Problem-solving is a key goal of many types of games, be it strategic planning, lateral thinking, or how to work as a team to defeat a powerful enemy – which provides motivation and stimulus for learning.
Digital games are playing an increasing vital role in teaching and learning at all levels of education.
Dr. Baek is the director of the Game Studio, a research and development center in the Department of Educational Technology. He teaches introduction to Edutainment and Integrating Digital Games in the K-12 C
lassroom. Edutainment focuses on analyzing various types of entertainment tools to discover the qualities that make them fun. Then students attempt to incorporate these elements into learning activities.
This volume is Dr. Baek’s fourth textbook. It is priced at $279 from the publisher, Nova Science Publishers.
We recently asked our students to list their favorite EdTech tools on our new Facebook group for students, “We are EdTech Boise State.” They listed more than 20 favorites, and you can add yours, too, or ask questions about these tools or anything else.
Here are a few of their responses. Watch for more in coming days.
Elijah Alquist just wrote “screencasts” but Tyler Isbell specified Screencastify and Heather Askea suggested Screencast-O-Matic and Loom. All three share a number of similarities. Screen and video sharing are key tools in flipping classrooms and providing verbal feedback on assignments—that ought to be a time-saver. These tools also help students practice speech and foreign language skills.
Jonathon Richter recommended Slack, which is an email alternative for work groups. Teachers and administrators could have their own communication channel instead of cluttering the already cluttered email browser. Or teachers could communicate with online students without cluttering the email.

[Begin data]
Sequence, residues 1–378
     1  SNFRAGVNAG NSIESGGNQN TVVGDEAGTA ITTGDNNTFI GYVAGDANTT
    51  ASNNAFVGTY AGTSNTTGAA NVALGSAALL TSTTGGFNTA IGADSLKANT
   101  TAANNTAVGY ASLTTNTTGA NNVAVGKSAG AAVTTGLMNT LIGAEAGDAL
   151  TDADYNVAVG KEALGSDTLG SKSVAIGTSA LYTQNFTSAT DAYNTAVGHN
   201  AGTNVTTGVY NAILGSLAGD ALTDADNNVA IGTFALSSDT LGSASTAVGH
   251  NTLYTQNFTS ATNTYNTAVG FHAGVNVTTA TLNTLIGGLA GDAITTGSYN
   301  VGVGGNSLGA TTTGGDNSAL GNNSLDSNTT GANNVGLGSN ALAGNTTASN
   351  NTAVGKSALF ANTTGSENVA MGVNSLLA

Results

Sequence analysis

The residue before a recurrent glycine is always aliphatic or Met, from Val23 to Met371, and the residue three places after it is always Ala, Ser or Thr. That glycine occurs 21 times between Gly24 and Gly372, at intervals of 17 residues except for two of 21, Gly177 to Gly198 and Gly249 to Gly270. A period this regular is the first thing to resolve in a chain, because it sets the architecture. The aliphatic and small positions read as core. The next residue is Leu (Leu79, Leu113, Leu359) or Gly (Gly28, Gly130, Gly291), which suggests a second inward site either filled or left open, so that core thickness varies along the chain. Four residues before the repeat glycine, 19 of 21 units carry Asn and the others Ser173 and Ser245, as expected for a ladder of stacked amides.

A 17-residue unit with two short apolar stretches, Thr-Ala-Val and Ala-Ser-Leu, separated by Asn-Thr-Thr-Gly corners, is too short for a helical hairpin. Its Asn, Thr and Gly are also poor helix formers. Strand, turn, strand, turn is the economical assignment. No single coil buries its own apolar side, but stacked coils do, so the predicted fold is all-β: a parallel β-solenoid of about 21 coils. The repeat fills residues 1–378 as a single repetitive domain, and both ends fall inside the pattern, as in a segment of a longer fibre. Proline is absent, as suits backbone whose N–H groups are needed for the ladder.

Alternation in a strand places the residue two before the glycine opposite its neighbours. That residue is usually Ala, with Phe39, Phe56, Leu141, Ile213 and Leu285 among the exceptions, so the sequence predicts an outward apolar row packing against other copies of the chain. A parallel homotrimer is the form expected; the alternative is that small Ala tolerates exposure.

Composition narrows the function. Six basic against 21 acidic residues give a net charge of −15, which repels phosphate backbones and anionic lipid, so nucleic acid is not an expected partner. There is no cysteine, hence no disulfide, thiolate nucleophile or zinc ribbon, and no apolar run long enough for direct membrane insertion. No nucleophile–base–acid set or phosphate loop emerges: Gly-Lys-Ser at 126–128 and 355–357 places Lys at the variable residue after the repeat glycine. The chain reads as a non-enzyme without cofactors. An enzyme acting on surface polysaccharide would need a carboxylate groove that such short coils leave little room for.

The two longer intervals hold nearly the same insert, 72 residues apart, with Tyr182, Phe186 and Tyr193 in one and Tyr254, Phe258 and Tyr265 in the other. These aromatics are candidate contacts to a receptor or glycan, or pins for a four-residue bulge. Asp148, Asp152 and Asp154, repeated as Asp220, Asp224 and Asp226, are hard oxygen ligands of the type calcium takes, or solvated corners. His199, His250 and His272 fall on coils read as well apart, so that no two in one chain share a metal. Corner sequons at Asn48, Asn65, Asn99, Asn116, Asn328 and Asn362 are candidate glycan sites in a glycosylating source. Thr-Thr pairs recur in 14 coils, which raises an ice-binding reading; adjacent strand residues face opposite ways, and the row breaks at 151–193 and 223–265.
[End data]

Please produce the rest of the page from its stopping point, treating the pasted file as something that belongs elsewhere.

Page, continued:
Julia Hill suggested Remind, which helps teachers reach out to students and parents—for example—to remind students of homework assignments over a long weekend.
Daniel Flynn’s favorite is Google Keep. Funny he should say that because Sarah Wicks recommends Trello. Both are equally popular phone-based reminders of things to do.
Alex Rosenleaf likes Near Pod. This menu-driven alternative to Microsoft PowerPoint does not have an audio recorder, but it does allow you to drop in student polls, open-ended responses, or several kinds of quizzes. Alex teaches U.S. History at the high school level, and this tech tool enables his lessons to be more interactive and engaging. He just started using it this year, but he’s liking what he’s seeing so far.
If you haven’t yet joined “We are EdTech Boise State,” please check it out. It’s a great place to share ideas, tools, ask questions of other students, and meet students in any of EdTech’s three degree programs and four graduate certificate programs. Here is the URL.
EdTech’s Jackie Gerstein is featured in a thoughtful and nicely illustrated article on experiential learning, particularly learning in maker spaces, in KQED’s education blog, MindShift.
Gerstein, who teaches technology integration and professional network learning for Boise State EdTech, is an educator’s educator. Teachers will have a lot to think about while reading the article on framing and reflection, and making sure that learning is not left to chance.